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53 Finally, THE CENTER and the Humphrey Institute of Pub- taged (such as the New Freedom Initiative and legisla- lic Affairs at the University of Minnesota are helping United tive decisions such as the Olmstead decision, which are Way to evaluate its pilot transportation projects and assess discussed in Chapter 6) may not have dedicated sources the results they have achieved. of funding, enhance opportunities to benefit from these For more detail on each of these efforts, see the full case initiatives by becoming familiar with the legal frame- studies in Appendix A on the accompanying CD-ROM. work and by building coalitions with other potential beneficiaries. The broader the coalition organized around a funding ADVICE FROM PRACTITIONERS effort and the more specific and wide-ranging the ben- efits to be achieved by a new funding measure, the The points listed below have been compiled from com- more likely it is to succeed. This suggests the value of ments made by the transportation and human services pro- involvement in such efforts to broaden public awareness viders and state officials interviewed as part of the case stud- of, and support for, public transportation services of all ies described above, as well as from other case study subjects. types, including those that serve the transportation- These lessons offer guidance from experienced organizations disadvantaged population. related to the groundwork that is necessary for a successful Foster commitment to coordination throughout each par- coordination initiative--working with coordination partners, ticipating agency. It is not enough to have commitment creating effective coalitions, and planning and evaluating from the top if middle managers are opposed or resistant coordination activities. or if unwritten rules or status issues that may deter coor- dination efforts are not addressed (e.g., the status or pay It is important to include all of the entities involved of a manager may be based on the number of vehicles early in the planning process, so that they have a stake he or she manages). Nor is it enough to have middle in the success of the system. Additionally, things will go management commitment if top management is not more smoothly if policy issues are anticipated and dis- interested or has other priorities. cussed early on. Focus on improvements that can be created by a few Choose coordination partners carefully. Pick those who people but that will benefit many. Make sure everyone show a clear willingness to change the way they have has a specific mission and a budget to make it happen. traditionally done things. Focus on short-term improvements such as communi- Have the right people at the table at the right time. It cations tools (listservs and websites, for example), and greatly slows down and complicates the coordination data management software to simplify record keeping process if the people at the table are not able to make and reporting. appropriate decisions when needed. For long-term systemic changes, start small and test the Define goals and objectives clearly at the beginning. concept before broadening the scope. Start by thinking This serves to focus attention and energy and helps keep about the desired system improvement, then determine the process from wandering off track. what changes are needed to achieve it. Develop a better Building trust is critical and can take time. Be prepared understanding of technical and political issues before to meet and discuss issues of concern to coordination developing more formal systems for coordinating riders partners until satisfactory solutions can be identified. and resources. Another strategy is to make sure that the benefits of a more coordinated system are readily visible to all the parties. OTHER COORDINATION Establish an effective coalition early. It takes time to PLANNING RESOURCES identify the major players and get them involved. The activities of the coalition should also be supported by Other resources that can provide information and guidance adequate planning and research; action must be bal- related to planning, decision making, and advocacy include anced with careful consideration of the consequences. the following: Elected officials and other key decision makers should be approached only when the coalition has assembled Access to Jobs--Planning Case Studies, prepared by the all the facts to document transportation needs and issues Office of Planning, FTA, U.S.DOT, Washington, DC, and requests for support or assistance. September 2001. Enlist the support of local elected officials. This can be Coordinating Transportation Services: Local Collabora- especially helpful in efforts to obtain funding for coor- tion and Decision-Making, prepared by Creative Action, dination initiatives. Inc. for Project ACTION, Washington DC, May 2001. Although proposed programs that affect the provision of Innovative State and Local Planning for Coordinated Trans- transportation services for the transportation disadvan- portation, prepared by the Volpe National Transportation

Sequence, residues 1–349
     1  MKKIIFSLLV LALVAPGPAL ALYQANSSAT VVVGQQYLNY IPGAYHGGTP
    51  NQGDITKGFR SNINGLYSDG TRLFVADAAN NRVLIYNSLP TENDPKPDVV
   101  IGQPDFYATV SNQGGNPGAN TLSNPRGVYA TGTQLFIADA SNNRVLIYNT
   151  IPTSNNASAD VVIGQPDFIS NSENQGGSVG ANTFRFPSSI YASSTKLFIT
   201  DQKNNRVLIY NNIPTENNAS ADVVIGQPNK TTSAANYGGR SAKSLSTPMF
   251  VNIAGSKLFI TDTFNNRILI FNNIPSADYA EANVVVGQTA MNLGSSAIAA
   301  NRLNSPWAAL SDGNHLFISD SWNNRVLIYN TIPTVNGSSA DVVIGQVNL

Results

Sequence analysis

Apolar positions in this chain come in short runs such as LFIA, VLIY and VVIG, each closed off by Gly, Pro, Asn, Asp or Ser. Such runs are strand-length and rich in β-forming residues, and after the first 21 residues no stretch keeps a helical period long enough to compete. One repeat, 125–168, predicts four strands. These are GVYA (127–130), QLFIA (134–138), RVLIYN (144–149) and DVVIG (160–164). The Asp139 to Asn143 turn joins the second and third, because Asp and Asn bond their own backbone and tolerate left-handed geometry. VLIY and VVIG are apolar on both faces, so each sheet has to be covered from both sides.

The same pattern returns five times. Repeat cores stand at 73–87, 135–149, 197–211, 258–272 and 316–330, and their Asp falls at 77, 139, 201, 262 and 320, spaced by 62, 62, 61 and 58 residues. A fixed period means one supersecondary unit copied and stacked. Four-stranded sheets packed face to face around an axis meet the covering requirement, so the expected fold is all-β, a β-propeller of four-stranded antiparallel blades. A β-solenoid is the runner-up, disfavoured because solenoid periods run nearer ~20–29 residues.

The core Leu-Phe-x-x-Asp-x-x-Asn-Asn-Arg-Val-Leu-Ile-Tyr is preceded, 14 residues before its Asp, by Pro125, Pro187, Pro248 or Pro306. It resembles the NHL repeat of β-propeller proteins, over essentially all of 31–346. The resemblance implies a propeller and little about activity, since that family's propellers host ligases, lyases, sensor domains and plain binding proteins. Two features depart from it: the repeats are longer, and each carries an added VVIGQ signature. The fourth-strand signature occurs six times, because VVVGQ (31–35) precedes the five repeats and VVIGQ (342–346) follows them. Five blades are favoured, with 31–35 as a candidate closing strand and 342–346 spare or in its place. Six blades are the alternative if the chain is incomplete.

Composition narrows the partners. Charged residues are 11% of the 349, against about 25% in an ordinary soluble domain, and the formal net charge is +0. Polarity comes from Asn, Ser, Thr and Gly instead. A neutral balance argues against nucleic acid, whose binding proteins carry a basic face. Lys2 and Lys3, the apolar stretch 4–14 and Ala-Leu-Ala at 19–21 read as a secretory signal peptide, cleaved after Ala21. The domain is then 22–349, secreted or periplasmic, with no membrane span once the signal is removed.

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54 Systems Center for the Office of Planning, FTA, Coordinating Council on Access and Mobility, Office U.S.DOT, February 2002. of the Secretary, U. S. DHHS, and the FTA, U. S. DOT, Job Access Planning: Challenges and Approaches, December 2000. prepared for the FTA by the BRW Consulting Team, May 2001. See Appendix F, on the accompanying CD-ROM, for a guide Planning Guidelines for Coordinated State and Local to case studies conducted as part of previous research efforts by Specialized Transportation Services, prepared by the topic area, including Planning and Building Coalitions.